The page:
I'm back at McMurdo Station this weekend to process the samples I've been collecting over the past three weeks!
McMurdo Station is the main US base in Antarctica and is home (as of yesterday) to 1143 scientists and support staff (I guess I make it 1144 in total). The base is perched on the rocky shores of Ross Island, about a 45 minute helicopter flight from Lake Hoare in Taylor Valley.
In the above photo, you can see the big fuel tanks (to the right) that keep the lights on and the buildings warm. In the middle of the picture is the cargo yard, where several years of supplies are kept (in case weather turns bad, planes can't fly, and the resupply ship can't break through the ice). Over on the left side of the image is a gray building that's in three pieces connected by ramps. That's the Crary laboratory, which is the scientific heart of the station. It's where I'm writing from right now!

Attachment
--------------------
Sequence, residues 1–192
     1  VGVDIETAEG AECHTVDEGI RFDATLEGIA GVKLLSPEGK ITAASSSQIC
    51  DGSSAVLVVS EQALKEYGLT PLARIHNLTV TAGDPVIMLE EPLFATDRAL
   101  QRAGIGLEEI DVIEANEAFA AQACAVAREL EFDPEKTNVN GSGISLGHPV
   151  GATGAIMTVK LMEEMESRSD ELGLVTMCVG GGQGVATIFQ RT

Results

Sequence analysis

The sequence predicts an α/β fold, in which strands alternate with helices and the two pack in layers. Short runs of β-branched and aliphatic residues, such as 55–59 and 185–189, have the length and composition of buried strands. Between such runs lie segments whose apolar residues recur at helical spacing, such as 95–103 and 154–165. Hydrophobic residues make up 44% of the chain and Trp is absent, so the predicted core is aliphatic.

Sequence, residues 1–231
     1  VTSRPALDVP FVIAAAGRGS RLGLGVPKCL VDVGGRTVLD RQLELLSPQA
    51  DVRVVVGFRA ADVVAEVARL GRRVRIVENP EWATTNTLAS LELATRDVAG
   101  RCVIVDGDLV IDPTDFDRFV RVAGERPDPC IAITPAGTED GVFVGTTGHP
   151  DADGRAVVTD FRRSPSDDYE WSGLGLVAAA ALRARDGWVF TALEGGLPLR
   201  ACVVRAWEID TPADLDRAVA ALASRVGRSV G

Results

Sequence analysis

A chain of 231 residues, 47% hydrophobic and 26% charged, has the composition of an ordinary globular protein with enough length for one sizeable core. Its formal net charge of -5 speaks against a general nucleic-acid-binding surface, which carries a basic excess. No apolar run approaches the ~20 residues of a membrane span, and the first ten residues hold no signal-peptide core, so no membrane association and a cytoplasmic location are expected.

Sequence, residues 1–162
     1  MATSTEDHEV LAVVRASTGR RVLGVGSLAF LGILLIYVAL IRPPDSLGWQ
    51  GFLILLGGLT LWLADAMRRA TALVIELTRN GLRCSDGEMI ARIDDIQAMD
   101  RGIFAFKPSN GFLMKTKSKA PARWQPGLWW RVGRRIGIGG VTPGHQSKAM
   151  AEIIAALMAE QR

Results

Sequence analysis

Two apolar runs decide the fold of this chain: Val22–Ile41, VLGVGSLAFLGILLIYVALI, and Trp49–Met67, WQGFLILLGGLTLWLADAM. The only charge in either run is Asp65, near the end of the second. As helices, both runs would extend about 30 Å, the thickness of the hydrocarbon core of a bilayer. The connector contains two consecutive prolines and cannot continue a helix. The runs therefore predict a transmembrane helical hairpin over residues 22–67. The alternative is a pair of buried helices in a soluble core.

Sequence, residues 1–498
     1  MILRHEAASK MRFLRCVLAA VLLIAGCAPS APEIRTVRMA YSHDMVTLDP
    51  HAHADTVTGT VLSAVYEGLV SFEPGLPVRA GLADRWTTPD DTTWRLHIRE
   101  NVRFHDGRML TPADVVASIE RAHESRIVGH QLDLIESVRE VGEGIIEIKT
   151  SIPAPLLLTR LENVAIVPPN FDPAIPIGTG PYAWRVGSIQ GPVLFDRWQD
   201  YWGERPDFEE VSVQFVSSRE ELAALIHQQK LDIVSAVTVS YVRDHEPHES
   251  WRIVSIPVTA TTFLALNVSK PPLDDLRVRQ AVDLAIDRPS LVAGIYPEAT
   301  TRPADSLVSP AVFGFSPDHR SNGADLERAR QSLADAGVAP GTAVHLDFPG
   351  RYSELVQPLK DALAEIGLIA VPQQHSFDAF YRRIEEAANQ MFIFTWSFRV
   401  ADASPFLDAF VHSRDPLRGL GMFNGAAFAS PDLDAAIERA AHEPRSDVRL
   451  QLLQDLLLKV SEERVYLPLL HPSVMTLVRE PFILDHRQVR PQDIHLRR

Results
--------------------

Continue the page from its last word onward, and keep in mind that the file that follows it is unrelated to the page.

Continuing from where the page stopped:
The bright white expanse to the far left is the frozen surface of the Ross Sea. All in all, it's a very tidy station, but after a few weeks out hiking and sampling, it seems like the big city!
In my next post, we'll take a closer look at what I'm doing in the lab, and just what it means to be washing dirt.